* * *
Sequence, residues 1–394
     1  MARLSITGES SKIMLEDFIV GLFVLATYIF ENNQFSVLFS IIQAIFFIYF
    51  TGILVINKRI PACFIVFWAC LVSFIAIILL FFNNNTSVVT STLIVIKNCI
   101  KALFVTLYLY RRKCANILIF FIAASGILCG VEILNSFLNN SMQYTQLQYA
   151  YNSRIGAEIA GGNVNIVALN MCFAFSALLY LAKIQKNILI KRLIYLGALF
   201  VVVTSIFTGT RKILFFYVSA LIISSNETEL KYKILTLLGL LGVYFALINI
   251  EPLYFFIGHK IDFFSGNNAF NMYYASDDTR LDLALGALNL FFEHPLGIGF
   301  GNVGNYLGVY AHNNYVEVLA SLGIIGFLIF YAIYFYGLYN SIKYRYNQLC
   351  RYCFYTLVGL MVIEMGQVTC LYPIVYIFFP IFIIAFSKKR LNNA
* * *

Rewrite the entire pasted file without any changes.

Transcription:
Sequence, residues 1–394
     1  MARLSITGES SKIMLEDFIV GLFVLATYIF ENNQFSVLFS IIQAIFFIYF
    51  TGILVINKRI PACFIVFWAC LVSFIAIILL FFNNNTSVVT STLIVIKNCI
   101  KALFVTLYLY RRKCANILIF FIAASGILCG VEILNSFLNN SMQYTQLQYA
   151  YNSRIGAEIA GGNVNIVALN MCFAFSALLY LAKIQKNILI KRLIYLGALF
   201  VVVTSIFTGT RKILFFYVSA LIISSNETEL KYKILTLLGL LGVYFALINI
   251  EPLYFFIGHK IDFFSGNNAF NMYYASDDTR LDLALGALNL FFEHPLGIGF
   301  GNVGNYLGVY AHNNYVEVLA SLGIIGFLIF YAIYFYGLYN SIKYRYNQLC
   351  RYCFYTLVGL MVIEMGQVTC LYPIVYIFFP IFIIAFSKKR LNNA